Results

Patients

A total of 72 patients were included in our study (M:F = 45: 27, mean age = 55.9 ± 14.6 year). Tumor locations were as follows: oral cavity and tongue 51.4%, pharynx 16.7%, larynx 8.3%, nasal cavity and paranasal sinuses 11.1%, and salivary glands 12.5%. TNM stages of the tumors were as follows: stage I = 23.6%, stage II = 19.4%, stage III = 26.4%, and stage IVA = 30.6%. Most of the patients performed neck dissection including surgery (60/72 patients, 83.3%), and rest of the patients (12/72 patients, 16.7%) performed tumorectomy due to early cancer. After surgical resection of the tumors, adjuvant therapy was done in 54.2% of patients (radiation therapy (RT) 33.3% and CCRT 20.9%), and mean follow-up was 32.8 ± 10.8 months. Twenty-two patients (30.6%) demonstrated treatment failure (confirmed 16 patients by histopathology, 6 patients by radiology), and mean treatment failure was 13.0 ± 7.0 months after surgery (Table 1).
Table 1

Baseline characteristics of patients

Characteristics

Values

Number of patients

72

Gender

M:F = 45: 27

Age (year)

55.9 ± 14.6 (range = 20–86)

Tumor site

R:L = 32: 40

Tumor location

 Oral cavity and tongue

37 (51.4%)

 Pharynx

12 (16.7%)

 Larynx

6 (8.3%)

 Nasal cavity and paranasal sinuses

8 (11.1%)

 Salivary glands

9 (12.5%)

HPV status

 Positive

10 (13.9%)

 Negative

21 (29.2%)

 N/A

41 (57.7%)

Follow-up after surgery (months)

32.8 ± 10.8 (range = 12–55)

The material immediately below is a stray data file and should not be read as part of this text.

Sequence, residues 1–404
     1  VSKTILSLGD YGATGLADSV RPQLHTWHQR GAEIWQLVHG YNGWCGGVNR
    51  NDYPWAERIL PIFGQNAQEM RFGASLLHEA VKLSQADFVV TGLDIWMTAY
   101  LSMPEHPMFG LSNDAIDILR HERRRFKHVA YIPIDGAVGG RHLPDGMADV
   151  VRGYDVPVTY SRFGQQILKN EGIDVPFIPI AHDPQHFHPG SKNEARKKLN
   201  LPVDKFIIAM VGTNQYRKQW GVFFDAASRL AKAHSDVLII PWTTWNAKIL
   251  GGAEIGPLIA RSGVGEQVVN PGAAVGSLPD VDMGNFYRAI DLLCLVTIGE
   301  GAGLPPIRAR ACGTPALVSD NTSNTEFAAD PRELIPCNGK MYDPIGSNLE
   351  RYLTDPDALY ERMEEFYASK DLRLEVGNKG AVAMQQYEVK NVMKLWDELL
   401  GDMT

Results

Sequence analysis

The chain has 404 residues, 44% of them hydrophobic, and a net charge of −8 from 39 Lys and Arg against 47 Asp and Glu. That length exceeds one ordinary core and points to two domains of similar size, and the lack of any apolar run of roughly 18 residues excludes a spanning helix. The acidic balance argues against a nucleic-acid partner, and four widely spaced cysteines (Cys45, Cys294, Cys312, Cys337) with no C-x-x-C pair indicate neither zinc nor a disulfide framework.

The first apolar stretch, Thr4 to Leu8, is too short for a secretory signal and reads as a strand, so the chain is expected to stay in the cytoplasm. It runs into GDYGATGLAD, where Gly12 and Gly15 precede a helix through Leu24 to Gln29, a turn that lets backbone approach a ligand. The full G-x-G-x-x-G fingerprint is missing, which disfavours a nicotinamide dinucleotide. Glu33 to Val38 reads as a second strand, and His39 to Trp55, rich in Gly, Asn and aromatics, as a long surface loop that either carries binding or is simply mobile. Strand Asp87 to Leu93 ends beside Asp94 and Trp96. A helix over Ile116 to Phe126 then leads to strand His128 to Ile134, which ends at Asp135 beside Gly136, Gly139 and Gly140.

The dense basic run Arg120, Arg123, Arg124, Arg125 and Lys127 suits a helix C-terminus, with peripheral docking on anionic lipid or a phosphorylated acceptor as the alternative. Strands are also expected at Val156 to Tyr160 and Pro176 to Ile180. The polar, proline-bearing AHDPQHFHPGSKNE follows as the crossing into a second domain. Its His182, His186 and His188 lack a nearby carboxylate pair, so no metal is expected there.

Recurrence

22 (30.6%)

Recurrence after surgery (months)

13.0 ± 7.0 (range = 5–33)

Type of treatment failure

 Loco-regional recurrence

10 (13.9%)

 Distant metastasis

12 (16.7%)

T stage

 T1/T2

24 (33.3%)/23 (31.9%)

 T3/T4a

20 (27.8%)/5 (7.0%)

N stage

 N0

42 (58.3%)

 N1/N2

12 (16.7%)/18 (25.0%)

TNM stage

 I/II

17 (23.6%)/14 (19.4%)

 III/IVA

19 (26.4%)/22 (30.6%)

Adjuvant therapy

 No

33 (45.8%)

 RT/CCRT

24 (33.3%)/15 (20.9%)

HPV human papillomavirus, RT radiation therapy, CCRT concurrent chemoradiation therapy, N/A not assessed

Clinicopathologic parameters and treatment failure

Among the clinicopathologic parameters, T stage (P = 0.019), lymphatic invasion (P = 0.005), venous invasion (P = 0.012), and perineural invasion (P = 0.008) demonstrated significant results between treatment failure and no evidence of disease groups. However, age, tumor site, HPV status, N stage, TNM stage, and adjuvant therapy revealed no significant results (Table 2).
Table 2

Comparison of clinicopathologic parameters according to head and neck cancer treatment failure after surgery

Parameters